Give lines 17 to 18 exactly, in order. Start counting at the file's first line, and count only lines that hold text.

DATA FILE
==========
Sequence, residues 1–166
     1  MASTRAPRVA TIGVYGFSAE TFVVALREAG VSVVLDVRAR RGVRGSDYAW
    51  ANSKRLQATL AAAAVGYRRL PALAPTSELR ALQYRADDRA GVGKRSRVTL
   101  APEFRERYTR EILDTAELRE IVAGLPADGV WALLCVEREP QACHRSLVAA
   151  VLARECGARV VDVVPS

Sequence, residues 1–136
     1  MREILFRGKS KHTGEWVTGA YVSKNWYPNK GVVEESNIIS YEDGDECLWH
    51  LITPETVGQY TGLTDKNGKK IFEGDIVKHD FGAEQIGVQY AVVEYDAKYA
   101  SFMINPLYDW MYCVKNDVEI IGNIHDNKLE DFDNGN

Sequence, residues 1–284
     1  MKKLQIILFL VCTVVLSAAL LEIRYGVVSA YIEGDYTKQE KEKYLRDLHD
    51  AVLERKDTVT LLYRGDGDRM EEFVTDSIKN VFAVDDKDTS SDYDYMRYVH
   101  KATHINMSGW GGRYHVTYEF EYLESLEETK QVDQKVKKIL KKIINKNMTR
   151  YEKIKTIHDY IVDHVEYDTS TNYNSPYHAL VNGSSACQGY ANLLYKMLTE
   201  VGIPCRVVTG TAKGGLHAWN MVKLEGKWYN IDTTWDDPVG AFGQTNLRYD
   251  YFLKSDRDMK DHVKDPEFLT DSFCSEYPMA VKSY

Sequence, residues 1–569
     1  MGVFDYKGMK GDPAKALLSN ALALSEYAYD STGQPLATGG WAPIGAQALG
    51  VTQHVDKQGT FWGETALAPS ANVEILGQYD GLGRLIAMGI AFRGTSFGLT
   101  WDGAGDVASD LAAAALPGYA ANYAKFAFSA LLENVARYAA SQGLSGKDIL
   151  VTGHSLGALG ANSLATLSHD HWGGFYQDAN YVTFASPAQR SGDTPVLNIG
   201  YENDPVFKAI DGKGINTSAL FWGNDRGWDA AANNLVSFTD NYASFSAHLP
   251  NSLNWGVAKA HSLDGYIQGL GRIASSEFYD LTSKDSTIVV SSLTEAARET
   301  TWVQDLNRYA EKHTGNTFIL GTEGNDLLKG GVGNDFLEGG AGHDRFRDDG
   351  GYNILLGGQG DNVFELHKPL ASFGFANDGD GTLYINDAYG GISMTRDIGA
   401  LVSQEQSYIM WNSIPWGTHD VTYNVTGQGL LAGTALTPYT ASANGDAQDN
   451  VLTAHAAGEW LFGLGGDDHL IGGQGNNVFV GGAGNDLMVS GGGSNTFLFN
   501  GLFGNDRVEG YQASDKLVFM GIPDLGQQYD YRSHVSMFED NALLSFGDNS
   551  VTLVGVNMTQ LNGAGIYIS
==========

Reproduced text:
Sequence, residues 1–569
     1  MGVFDYKGMK GDPAKALLSN ALALSEYAYD STGQPLATGG WAPIGAQALG